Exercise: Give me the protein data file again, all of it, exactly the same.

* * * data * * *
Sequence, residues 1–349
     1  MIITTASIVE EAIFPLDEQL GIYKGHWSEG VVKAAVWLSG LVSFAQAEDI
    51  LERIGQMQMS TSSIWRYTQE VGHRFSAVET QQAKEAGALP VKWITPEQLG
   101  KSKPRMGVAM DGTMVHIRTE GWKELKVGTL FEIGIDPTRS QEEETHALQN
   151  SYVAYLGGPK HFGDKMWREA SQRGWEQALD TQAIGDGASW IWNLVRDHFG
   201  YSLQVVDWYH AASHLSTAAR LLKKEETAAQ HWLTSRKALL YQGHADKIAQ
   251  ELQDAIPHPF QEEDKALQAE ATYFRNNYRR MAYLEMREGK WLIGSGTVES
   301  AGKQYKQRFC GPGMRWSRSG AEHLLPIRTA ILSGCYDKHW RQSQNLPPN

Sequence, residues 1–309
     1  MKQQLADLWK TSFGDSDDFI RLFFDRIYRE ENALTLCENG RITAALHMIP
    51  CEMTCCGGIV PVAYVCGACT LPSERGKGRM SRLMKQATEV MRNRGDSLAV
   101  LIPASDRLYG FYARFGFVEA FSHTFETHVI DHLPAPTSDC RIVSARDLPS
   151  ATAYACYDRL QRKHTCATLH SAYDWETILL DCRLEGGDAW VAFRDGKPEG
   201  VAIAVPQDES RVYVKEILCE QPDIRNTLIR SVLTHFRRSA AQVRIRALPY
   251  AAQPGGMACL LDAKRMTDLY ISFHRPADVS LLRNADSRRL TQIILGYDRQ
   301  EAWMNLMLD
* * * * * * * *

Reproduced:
Sequence, residues 1–349
     1  MIITTASIVE EAIFPLDEQL GIYKGHWSEG VVKAAVWLSG LVSFAQAEDI
    51  LERIGQMQMS TSSIWRYTQE VGHRFSAVET QQAKEAGALP VKWITPEQLG
   101  KSKPRMGVAM DGTMVHIRTE GWKELKVGTL FEIGIDPTRS QEEETHALQN
   151  SYVAYLGGPK HFGDKMWREA SQRGWEQALD TQAIGDGASW IWNLVRDHFG
   201  YSLQVVDWYH AASHLSTAAR LLKKEETAAQ HWLTSRKALL YQGHADKIAQ
   251  ELQDAIPHPF QEEDKALQAE ATYFRNNYRR MAYLEMREGK WLIGSGTVES
   301  AGKQYKQRFC GPGMRWSRSG AEHLLPIRTA ILSGCYDKHW RQSQNLPPN

Sequence, residues 1–309
     1  MKQQLADLWK TSFGDSDDFI RLFFDRIYRE ENALTLCENG RITAALHMIP
    51  CEMTCCGGIV PVAYVCGACT LPSERGKGRM SRLMKQATEV MRNRGDSLAV
   101  LIPASDRLYG FYARFGFVEA FSHTFETHVI DHLPAPTSDC RIVSARDLPS
   151  ATAYACYDRL QRKHTCATLH SAYDWETILL DCRLEGGDAW VAFRDGKPEG
   201  VAIAVPQDES RVYVKEILCE QPDIRNTLIR SVLTHFRRSA AQVRIRALPY
   251  AAQPGGMACL LDAKRMTDLY ISFHRPADVS LLRNADSRRL TQIILGYDRQ
   301  EAWMNLMLD